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September 30 — More than 100 U.S. public health and professional organizations have issued a joint letter urging President Barack Obama, the U.S. Senate and House of Representatives, to allow the Environmental Protection Agency (EPA) to regulate greenhouse gas emissions.

"Climate change is a serious public health issue," states the letter. "As temperatures rise, more Americans will be exposed to conditions that can result in illness and death due to respiratory illness, heat- and weather-related stress and disease carried by insects. These health issues are likely to have the greatest impact on our most vulnerable communities, including children, older adults, those with serious health conditions and the most economically disadvantaged."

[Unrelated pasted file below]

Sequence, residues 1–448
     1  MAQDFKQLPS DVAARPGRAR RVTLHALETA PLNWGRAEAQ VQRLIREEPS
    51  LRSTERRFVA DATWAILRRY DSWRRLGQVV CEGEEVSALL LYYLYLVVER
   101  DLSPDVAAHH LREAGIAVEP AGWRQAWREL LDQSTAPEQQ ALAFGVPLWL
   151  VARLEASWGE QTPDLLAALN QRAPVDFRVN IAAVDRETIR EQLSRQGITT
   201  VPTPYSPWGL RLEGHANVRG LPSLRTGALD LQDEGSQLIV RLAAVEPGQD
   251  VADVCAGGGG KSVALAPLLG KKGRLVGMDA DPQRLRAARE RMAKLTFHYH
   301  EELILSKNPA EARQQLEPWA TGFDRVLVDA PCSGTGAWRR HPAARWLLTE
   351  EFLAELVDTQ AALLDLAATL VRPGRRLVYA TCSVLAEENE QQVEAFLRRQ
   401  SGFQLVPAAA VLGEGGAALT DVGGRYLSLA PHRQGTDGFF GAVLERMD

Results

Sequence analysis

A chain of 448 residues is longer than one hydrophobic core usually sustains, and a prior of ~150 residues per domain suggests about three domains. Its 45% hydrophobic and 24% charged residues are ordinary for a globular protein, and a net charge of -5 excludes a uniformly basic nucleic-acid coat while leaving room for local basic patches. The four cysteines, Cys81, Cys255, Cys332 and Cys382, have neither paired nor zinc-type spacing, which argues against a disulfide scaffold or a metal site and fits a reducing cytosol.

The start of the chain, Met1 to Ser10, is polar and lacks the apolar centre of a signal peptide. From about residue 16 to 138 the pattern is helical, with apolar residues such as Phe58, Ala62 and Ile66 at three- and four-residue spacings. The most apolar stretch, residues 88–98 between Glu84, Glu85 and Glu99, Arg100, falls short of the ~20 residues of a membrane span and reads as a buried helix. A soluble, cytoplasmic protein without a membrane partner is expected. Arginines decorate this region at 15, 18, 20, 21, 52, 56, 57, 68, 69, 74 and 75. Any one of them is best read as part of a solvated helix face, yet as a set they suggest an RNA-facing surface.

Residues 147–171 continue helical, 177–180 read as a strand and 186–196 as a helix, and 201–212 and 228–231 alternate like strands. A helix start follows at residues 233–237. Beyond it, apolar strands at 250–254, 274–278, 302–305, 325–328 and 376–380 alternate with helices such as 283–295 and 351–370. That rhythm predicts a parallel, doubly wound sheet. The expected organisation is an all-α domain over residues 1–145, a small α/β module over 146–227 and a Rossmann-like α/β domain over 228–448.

The letter goes on to quote the latest assessment from the U.S. Global Change Research Program (USGCRP) : "Climate change poses unique challenges to human health.... There are direct health impacts from heat waves and severe storms, ailments caused or exacerbated by air pollution and airborne allergens, and many climate-sensitive infectious diseases."

The authors of the letter urge the President and Congress, "to support measures that will reduce these risks and strengthen the ability of our local, state and federal public health agencies to prepare for and respond to the impacts of climate change."

Issuing the letter were state and local organizations and health professionals from 35 states and numerous professional organization including the American Medical Association, the American Nurses Association, the American Academy of Pediatrics, the American College of Occupational and Environmental Medicine and the American College of Preventative Medicine.

Read the complete letter here.